LM: I have lived in London and Paris and I have worked in lending money but that is where the experiences end. So I know the geography and some of the mechanics for lending large funds but the rest was purely imagination. I’ve enjoyed the espionage genre of books, films and TV shows so have imagined further into that and come up with my book

SPS: Tell us about some of the main characters involved in trying to aid in the financial crisis.

LM: The story jumps between historic times where the UK, US and the Vatican decided to put assets into boxes for the creation of credit lines to enable the growth of businesses after the Second World War, and during the financial crash. The main characters during the credit crunch are Nathan Horton and Henry Jenkins who have been bequeathed the key codes for the boxes by their now dead relations, and Marcus Cole and Helen who work for the British Secret Services sent to bring the boxes into the Bank of England.

SPS:  There is an unknown organisation putting future lending agreements in jeopardy. Tell us about the ‘bad guys’.

LM: I wouldn’t say they are necessarily ‘bad guys.’ The unknown organisation has its own viewpoint and objectives which they are wanting to achieve.

SPS:  What were your expectations for the novel upon its release, and have they changed at all since then?

LM: My expectations were to see if I got a good reaction from the readers. In general I have and for a first novel I’ve had some great feedback, which I think is incredibly important. I have a style of writing that I think is enjoyable and my feedback has confirmed that which is hugely satisfying in itself. The next steps is to see if I can get known out there and for people to read the book.

SPS: Do you have any plans for a sequel, or has the story been told in its entirety?

LM: There is another book and I have just started writing it. This will be with some of the previous characters but exploring different ideas, probably including a technology that has been discovered that could, if allowed to get to market, change the way we produce power.

SPS: What can we expect next from the pen/keyboard of Lewis Morgan?

LM: After the sequel I would like to write a book about the First World War which I have started to research a little. I really want to give that story justice as well so will need to spend some time in the War Museum in London to make sure it contains as much fact as possible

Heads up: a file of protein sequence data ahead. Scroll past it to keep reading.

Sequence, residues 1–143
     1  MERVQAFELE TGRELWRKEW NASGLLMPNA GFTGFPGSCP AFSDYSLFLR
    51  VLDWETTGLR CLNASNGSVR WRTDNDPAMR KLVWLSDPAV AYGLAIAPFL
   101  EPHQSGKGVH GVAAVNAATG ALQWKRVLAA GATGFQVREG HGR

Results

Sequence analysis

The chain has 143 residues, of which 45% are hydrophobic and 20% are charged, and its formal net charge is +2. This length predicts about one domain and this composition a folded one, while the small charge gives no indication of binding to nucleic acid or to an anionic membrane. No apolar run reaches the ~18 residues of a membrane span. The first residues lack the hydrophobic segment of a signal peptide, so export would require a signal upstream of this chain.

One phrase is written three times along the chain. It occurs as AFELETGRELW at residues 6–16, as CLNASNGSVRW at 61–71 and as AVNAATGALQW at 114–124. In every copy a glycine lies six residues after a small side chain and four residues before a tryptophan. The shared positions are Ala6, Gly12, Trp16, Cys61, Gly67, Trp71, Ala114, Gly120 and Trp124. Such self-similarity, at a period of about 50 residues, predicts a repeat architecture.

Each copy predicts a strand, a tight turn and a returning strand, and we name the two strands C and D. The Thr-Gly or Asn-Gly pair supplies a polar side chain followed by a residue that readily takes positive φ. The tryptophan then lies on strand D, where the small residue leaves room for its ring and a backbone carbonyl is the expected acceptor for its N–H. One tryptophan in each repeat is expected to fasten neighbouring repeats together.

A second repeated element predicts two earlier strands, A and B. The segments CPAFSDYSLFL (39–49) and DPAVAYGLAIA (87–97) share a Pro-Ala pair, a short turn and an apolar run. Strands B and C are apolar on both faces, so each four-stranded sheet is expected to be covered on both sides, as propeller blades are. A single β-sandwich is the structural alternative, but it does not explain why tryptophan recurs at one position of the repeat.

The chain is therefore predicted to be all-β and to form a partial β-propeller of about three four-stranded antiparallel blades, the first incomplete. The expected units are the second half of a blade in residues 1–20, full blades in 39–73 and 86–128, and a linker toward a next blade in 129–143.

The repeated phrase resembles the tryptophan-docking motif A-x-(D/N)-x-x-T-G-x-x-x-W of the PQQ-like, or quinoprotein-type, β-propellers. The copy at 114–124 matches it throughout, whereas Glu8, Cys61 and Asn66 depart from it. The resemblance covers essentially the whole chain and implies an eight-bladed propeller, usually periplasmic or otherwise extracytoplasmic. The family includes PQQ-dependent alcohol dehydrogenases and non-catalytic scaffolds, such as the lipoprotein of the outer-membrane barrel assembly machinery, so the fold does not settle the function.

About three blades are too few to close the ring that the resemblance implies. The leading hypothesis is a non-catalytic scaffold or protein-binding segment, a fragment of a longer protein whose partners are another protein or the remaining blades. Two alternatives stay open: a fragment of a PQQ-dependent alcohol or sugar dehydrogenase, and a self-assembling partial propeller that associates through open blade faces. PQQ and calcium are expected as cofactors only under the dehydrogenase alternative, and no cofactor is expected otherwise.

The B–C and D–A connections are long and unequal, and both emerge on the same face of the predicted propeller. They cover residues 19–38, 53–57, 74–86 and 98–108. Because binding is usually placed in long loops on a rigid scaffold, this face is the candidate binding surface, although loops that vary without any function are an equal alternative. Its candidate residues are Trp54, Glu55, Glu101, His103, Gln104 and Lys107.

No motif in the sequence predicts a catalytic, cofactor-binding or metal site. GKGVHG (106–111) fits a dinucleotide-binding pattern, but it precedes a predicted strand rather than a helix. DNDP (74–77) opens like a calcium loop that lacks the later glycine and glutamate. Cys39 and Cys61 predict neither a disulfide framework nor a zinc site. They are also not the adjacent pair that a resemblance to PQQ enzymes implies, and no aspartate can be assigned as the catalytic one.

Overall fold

SPS: Was the Self-Published/Indie-Published route always your preferred route for your work?

LM: Yes. It’s so direct, why would you need to go any other route for your first book?

SPS: Has the experience so far been all that you thought it would be?

LM: I think it has been more rewarding. I’ve made some new friends in the Twittersphere (@lewismorgauthor) and I’ve discovered that working towards a new book is one of the most rewarding things.

SPS: If you could give one piece of advice for someone looking to get into writing, what would it be?

LM: Go for it. The hardest part of any journey is the first step and writing a book is the first chapter. After that you can get more confidence and inspiration and let your imagination run

SPS: Before we bring this interview to a close, it’s your chance to name-drop. Anyone who you feel is deserving of more recognition at present or someone whose writing you have recently enjoyed? Now is your chance to spread the word…

LM: There’s a lot of people deserving recognition as writers but I would like to recognise not a writer but an inspiring person. Fiona Cunningham created the #nomakeupselfie in the UK for Cancer Research. In one week she raised £8 million by asking women to donate and post a picture of themselves on FaceBook without any make up. That’s unbelievably powerful so for someone writing a book, or trying to create something, think of her and her brilliant idea, and think if that is possible in such a small amount of time what am I capable of in a week, or a month or a year.

SPS: Thank you for joining us today Lewis, and all the best for the future.

LM: Thank you and enjoy my book.

SPS: For more information on Lewis and his work, please do visit his Author page here.